Because the Touring rolls on run-flat tires, a spare isn't needed. Instead, the well for the spare tire-which is found beneath a panel between the first and second rows-is filled with a lazy Susan. Who knows what use this may find? Snacks? Band-Aids? A game of roulette? It's also worth noting that the sliding side doors now have power windows, and sun shades roll up to shield occupants. The powered doors and liftgate work seamlessly.
The Odyssey features enough safety features to make a soft landing on Mars. Standard on all Odysseys are antilock brakes with brake assist, traction and stability control, impact beams in the front and sliding side doors, front seatbelt pre-tensioners, and advanced front, side, and three-row side-curtain air bags. Tire-pressure monitoring and rear parking assist are exclusive to the Touring models.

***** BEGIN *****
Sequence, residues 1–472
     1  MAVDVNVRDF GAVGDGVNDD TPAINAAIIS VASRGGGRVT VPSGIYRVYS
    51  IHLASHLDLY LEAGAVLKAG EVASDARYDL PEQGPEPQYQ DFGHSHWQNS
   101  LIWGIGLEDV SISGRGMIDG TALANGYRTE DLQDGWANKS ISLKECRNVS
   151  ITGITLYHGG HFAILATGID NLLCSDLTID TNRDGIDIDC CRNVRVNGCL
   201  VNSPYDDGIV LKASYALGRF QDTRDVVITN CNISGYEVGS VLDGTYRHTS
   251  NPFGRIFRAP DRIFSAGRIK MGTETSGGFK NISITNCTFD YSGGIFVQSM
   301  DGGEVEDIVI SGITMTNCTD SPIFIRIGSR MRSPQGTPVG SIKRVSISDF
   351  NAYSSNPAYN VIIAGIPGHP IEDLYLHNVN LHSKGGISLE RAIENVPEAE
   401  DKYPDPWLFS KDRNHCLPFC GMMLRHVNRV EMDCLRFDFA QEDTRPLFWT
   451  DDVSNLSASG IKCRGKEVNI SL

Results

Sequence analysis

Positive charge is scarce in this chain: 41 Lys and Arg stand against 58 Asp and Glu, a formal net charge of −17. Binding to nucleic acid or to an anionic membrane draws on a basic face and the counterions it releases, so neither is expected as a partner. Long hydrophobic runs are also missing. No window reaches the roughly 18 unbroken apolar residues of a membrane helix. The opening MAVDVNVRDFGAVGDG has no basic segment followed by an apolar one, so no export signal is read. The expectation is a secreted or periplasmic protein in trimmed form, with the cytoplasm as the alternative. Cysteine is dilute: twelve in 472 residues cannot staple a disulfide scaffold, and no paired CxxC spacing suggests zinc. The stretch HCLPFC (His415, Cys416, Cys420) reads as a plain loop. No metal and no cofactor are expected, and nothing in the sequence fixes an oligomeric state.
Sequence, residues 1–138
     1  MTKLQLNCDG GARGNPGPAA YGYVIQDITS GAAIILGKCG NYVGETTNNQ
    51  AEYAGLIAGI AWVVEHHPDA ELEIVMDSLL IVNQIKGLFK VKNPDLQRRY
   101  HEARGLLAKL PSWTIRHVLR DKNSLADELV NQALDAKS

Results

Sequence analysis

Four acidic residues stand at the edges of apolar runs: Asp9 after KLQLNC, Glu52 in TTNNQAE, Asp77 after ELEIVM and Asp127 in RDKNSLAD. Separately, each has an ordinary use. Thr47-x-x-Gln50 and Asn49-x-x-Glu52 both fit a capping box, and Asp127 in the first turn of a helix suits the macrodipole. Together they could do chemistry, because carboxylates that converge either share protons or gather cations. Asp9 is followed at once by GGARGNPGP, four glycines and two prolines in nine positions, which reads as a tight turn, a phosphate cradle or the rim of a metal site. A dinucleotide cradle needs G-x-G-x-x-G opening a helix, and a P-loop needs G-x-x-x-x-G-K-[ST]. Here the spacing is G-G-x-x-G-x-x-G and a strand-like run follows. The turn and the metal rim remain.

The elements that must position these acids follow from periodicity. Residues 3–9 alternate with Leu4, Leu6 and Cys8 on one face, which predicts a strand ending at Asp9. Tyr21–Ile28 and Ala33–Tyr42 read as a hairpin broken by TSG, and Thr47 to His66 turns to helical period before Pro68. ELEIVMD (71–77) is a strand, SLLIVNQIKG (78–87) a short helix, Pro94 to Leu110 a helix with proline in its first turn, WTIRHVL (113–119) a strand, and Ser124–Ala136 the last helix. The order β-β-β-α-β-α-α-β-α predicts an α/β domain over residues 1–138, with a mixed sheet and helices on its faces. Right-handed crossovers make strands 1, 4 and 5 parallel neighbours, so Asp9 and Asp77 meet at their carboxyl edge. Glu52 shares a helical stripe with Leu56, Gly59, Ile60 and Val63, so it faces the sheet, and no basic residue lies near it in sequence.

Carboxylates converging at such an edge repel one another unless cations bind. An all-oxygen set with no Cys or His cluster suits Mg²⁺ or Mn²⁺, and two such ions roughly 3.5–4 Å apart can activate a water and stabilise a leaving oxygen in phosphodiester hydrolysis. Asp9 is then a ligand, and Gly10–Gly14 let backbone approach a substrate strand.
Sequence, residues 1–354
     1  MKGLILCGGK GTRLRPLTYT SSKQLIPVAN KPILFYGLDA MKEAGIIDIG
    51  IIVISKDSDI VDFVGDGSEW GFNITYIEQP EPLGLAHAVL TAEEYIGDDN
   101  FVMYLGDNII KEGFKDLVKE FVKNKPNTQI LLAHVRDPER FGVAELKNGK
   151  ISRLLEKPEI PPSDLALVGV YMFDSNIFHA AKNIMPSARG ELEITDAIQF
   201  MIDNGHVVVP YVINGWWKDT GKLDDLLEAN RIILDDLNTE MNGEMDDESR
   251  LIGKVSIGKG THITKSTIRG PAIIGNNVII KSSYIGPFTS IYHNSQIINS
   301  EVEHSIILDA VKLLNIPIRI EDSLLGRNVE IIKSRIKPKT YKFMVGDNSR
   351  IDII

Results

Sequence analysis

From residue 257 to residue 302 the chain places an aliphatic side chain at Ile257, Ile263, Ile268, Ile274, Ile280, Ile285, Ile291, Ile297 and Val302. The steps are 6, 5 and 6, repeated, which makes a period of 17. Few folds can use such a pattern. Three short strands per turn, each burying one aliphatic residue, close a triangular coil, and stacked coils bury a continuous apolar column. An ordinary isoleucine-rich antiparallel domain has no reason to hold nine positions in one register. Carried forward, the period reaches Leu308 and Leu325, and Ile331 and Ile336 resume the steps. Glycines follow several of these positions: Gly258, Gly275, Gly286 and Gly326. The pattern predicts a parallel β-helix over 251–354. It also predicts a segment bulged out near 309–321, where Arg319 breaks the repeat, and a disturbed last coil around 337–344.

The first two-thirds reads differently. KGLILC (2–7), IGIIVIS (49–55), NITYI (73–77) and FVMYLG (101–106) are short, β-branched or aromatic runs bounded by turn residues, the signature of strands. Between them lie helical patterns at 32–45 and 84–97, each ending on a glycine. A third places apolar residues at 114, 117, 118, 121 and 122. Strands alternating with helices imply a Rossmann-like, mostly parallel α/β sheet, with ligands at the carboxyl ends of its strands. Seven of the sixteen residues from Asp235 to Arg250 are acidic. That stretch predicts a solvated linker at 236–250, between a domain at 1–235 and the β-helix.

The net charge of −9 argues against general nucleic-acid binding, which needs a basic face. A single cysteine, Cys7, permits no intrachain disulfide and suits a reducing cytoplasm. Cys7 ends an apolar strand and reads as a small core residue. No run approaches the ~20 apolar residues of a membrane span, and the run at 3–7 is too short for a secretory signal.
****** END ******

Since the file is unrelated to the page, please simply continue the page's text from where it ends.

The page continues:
For all its wonderful attributes, the Odyssey has a few shortcomings. The 18-inch Michelin PAX run-flat tires contribute to a bit of impact harshness on broken pavement. The interior could be quieter, and the front doors need some internal reinforcement to render a more solid slam. Although the third-row seats-now splitting 60/40-easily flop into the cargo area's floor, the second-row seats come out about as easily as impacted molars.
Still, dislodging the Odyssey from the head of the pack is a tough job. It's fast, corners well, and keeps everybody entertained while leading on the backstretch. If any competitor has an advantage, it would show up off road, where all-wheel drive-not available on the Odyssey-would be an asset. Otherwise, wagering against this horse isn't recommended.